Dec. 28, 2008
That last day of the year
we hung upside down
on the world, air hot
as exhaust from the black
taxis of Buenos Aires,
and while roses in Parque Rosedal
opened their fragrant mouths
like a Palestrina choir,
the two of you ran to the window
From the windows
of all the office towers,
workers tossed the year's
papers into the open air,
faces serious as ice.
December's memos, the first
flakes, floated on the bitter wind;
windshield wipers plowed the drifts
of November's announcements.
October fell, with the date and hour
of a funeral, then September,
August, the grey decisions
of July, a list
of those to let go, jealous tangos
of June and May set free
into the azure sky.
We walked the Avenida
in that bright disorder,
the neatly tied loose ends
flung open, the hoary
edges of graphs
flaming in the sun.
It's the birthday of Sam Levenson, (books by this author) born in New York City in 1911. He started out as a Spanish teacher in the New York public schools, and then worked his way into comedy. He wasn't a stand-up comedian so much as he was a storyteller. He told humorous stories about his childhood in New York City. He wrote a number of books of humorous essays, including You Don't Have to Be in Who's Who to Know What's What (1979).
Sam Levenson said, "Lead us not into temptation. Just tell us where it is; we'll find it."
It's the birthday of a novelist inspired by movies, Manuel Puig, (books by this author) born in the small town of General Villegas, Argentina (1932). He's best known for his novel Kiss of the Spider Woman (1979), about a gay man who befriends a guerilla fighter in prison by telling him the plotlines of all the movies he ever saw when he was growing up.
Puig grew up in the pampas, grassy plains that many Argentines considered romantic, but which Puig himself hated. He said there was a "total absence of landscape no trees, no rain, only this grass that grows by itself, which is excellent for cattle, but not for people."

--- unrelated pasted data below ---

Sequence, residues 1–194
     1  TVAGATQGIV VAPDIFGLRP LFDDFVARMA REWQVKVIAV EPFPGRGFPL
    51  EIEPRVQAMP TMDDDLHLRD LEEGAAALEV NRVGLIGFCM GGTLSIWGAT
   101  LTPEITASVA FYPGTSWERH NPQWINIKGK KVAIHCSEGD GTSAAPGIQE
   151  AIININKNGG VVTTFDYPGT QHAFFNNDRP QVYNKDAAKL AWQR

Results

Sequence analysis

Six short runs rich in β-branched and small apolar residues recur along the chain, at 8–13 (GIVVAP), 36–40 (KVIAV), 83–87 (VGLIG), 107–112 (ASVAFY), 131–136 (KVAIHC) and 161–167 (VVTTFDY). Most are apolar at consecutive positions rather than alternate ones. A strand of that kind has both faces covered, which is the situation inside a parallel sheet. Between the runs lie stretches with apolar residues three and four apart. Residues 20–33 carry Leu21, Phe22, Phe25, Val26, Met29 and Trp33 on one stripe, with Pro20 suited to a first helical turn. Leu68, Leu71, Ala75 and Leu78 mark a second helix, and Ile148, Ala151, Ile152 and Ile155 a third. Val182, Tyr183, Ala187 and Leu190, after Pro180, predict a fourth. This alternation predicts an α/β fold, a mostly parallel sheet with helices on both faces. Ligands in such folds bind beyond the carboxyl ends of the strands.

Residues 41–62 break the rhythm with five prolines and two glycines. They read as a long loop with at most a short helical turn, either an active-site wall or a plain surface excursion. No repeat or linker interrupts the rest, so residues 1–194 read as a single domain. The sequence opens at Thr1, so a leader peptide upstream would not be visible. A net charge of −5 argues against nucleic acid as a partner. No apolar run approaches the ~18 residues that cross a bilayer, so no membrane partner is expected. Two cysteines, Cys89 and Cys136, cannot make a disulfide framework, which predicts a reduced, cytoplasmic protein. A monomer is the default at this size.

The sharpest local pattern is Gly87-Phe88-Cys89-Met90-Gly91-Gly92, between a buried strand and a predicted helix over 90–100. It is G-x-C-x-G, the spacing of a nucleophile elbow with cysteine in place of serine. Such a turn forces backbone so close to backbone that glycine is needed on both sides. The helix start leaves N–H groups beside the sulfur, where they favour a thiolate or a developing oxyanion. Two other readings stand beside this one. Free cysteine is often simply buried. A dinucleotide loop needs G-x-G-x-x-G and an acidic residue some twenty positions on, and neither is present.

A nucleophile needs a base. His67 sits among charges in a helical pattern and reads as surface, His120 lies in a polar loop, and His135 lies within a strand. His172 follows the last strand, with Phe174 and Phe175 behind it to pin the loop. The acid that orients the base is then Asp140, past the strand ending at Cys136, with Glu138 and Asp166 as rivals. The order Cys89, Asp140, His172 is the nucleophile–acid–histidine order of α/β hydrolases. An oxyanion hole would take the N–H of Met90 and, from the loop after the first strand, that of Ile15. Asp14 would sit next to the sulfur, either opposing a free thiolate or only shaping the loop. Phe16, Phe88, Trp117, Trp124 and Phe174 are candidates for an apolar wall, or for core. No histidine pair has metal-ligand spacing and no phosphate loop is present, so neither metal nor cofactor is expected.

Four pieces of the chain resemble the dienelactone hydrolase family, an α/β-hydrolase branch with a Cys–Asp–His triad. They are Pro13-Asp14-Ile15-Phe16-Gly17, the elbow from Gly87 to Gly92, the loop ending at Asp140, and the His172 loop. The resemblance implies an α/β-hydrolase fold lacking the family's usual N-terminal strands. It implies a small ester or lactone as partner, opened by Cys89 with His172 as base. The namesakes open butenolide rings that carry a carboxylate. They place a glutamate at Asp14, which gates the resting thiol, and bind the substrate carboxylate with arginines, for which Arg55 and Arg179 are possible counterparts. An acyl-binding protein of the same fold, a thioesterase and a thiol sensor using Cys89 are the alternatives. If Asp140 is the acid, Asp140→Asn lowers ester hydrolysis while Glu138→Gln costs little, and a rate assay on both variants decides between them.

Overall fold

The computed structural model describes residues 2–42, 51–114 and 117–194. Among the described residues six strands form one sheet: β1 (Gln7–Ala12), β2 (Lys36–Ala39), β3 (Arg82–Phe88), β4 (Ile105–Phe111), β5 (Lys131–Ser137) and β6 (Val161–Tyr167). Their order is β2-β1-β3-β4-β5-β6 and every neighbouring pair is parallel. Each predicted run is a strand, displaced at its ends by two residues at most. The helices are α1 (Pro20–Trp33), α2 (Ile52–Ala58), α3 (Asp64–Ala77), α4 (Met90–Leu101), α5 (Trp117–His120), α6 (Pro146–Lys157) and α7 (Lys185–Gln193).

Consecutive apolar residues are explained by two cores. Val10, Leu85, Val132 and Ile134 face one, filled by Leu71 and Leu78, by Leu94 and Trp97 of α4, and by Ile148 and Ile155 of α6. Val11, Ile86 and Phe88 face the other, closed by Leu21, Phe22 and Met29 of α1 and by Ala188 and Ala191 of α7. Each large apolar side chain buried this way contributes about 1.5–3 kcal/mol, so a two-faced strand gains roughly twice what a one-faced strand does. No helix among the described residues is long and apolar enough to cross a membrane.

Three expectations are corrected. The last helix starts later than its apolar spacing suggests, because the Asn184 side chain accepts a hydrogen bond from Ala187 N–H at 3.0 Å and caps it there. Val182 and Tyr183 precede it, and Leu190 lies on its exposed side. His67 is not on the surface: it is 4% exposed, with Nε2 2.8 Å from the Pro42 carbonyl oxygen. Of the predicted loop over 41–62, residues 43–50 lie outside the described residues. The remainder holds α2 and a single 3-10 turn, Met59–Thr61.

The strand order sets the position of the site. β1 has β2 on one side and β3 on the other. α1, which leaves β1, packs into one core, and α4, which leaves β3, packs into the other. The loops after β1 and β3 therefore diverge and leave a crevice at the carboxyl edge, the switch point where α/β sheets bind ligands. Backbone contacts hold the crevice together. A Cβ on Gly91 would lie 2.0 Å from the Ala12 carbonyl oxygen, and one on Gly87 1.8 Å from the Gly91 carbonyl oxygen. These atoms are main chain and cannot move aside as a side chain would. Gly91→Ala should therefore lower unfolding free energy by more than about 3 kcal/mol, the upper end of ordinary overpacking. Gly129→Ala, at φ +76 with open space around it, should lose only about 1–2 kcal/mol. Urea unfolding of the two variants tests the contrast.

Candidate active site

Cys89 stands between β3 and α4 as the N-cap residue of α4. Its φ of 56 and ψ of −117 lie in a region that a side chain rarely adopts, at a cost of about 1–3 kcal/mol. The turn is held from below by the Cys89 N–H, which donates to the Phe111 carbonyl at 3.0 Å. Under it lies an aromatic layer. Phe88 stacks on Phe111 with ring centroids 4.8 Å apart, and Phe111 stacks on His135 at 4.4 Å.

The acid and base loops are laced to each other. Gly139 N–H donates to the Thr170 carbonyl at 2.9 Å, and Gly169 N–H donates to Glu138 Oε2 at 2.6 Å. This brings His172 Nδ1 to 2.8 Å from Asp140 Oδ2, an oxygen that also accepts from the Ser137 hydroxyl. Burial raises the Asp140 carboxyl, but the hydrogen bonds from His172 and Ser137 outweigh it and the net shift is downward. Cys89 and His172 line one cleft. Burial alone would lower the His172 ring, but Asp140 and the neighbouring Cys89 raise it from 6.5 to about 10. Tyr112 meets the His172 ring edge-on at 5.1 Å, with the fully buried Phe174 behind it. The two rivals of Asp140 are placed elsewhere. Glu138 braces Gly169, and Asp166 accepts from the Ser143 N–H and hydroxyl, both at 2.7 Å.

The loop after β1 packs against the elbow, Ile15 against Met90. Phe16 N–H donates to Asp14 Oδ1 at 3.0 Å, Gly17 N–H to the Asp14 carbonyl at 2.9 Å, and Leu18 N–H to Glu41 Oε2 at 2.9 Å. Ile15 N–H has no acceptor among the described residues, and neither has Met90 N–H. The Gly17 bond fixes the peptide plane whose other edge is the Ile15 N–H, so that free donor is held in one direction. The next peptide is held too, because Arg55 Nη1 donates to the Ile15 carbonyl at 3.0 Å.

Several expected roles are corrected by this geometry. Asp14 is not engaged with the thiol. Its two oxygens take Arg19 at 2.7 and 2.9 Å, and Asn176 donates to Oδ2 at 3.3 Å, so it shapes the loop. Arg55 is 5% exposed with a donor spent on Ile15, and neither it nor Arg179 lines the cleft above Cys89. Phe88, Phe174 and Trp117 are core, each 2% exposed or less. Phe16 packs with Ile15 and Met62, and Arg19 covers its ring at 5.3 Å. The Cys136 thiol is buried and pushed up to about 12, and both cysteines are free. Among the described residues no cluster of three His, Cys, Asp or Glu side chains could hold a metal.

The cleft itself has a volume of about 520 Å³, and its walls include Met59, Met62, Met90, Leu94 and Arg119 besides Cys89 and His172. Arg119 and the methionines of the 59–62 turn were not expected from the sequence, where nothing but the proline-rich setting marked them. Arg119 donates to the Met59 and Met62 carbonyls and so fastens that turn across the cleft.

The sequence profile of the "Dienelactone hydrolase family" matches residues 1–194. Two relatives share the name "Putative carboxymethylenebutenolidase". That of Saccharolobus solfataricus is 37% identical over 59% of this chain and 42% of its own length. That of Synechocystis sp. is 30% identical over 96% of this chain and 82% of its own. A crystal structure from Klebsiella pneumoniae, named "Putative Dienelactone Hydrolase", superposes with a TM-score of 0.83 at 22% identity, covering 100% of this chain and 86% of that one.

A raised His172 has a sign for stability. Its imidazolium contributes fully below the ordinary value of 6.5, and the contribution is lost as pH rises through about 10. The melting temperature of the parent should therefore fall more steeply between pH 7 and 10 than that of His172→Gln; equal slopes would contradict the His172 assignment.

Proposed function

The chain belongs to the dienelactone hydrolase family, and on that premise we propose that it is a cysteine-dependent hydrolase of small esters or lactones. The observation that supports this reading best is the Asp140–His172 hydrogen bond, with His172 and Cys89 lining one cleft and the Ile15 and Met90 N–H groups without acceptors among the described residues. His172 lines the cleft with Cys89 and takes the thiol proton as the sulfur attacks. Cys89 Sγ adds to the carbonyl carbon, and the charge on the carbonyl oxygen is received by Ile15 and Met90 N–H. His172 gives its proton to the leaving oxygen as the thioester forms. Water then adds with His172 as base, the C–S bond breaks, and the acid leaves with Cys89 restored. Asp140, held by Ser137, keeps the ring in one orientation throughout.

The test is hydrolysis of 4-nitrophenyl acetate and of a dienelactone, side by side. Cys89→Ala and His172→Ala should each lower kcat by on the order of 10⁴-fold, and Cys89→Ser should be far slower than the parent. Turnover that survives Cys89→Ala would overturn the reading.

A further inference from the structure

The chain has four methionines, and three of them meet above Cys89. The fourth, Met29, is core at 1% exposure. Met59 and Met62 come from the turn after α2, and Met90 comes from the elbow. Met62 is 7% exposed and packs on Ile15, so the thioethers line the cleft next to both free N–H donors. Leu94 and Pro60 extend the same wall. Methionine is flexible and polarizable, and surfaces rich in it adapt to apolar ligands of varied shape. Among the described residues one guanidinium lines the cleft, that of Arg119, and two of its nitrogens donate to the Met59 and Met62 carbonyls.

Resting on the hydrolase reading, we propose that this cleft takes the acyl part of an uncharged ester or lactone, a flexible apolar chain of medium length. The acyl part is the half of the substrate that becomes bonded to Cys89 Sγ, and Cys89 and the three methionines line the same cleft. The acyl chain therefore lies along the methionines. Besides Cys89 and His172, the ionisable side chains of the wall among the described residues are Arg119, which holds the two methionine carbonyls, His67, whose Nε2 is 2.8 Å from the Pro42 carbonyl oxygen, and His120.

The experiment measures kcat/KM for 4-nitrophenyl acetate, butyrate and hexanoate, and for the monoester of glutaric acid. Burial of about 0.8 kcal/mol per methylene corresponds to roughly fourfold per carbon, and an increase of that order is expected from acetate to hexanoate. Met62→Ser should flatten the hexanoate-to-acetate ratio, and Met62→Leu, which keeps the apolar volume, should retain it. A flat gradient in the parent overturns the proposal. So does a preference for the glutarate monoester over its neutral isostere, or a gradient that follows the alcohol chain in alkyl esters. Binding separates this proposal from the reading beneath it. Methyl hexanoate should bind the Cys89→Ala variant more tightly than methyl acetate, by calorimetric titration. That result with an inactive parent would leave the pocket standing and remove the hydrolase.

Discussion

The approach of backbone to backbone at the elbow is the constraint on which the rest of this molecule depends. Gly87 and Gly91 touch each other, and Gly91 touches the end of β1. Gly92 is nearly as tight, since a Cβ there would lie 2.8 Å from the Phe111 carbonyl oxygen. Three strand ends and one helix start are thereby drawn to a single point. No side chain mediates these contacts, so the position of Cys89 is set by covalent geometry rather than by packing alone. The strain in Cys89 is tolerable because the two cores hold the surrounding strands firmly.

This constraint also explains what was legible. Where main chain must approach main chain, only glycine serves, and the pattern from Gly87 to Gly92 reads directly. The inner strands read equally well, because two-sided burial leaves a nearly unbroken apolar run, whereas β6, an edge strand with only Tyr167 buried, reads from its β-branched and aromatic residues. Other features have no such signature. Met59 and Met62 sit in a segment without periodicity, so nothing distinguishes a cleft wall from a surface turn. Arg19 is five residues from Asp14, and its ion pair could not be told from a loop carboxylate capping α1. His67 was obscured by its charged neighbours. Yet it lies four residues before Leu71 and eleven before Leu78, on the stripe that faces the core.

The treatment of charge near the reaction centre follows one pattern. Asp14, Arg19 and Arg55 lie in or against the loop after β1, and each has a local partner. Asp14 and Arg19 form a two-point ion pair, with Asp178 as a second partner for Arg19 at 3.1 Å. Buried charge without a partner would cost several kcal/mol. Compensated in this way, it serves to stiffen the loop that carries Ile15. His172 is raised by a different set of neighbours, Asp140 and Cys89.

The only thing he loved about his hometown was the tiny movie theater, which showed a different movie every day. The first movie he saw there was The Bride of Frankenstein, and after that, the boy went there every night at six o'clock, sitting in the same seat. He saw movies by Alfred Hitchcock, John Ford, and Frank Capra. He said, "The movies helped me not to go crazy. You see another way of life. It doesn't matter that the way of life shown by Hollywood was phony. It helped one hope."
In 1946, he left his hometown and went to Buenos Aires, where he tried to become a filmmaker. He eventually made his way to New York City and got a job as a ticket clerk for an airline, and he once sold a plane ticket to Greta Garbo.
Puig tried to write a series of screenplays, but they all failed. Then he started a screenplay that began with a narrator speaking in voiceover. He kept writing and writing, never getting to the action of the movie, until finally he realized he was writing a novel.
And that was his first novel, Betrayed by Rita Hayworth (1968), about a boy who grows up in a boring small town and constantly fantasizes that his life is a Hollywood movie.
It's the birthday of the novelist Simon Raven, (books by this author) born in London in 1927. He's best known for his 10-volume series of novels about the British upper class called Alms for Oblivion. The first volume was published in 1964.
Simon Raven said: "I've always written for a small audience consisting of people like myself, who are well-educated, worldly, skeptical, and snobbish (meaning that they rank good taste over bad). And who believe that nothing and nobody is special."
Be well, do good work, and keep in touch.®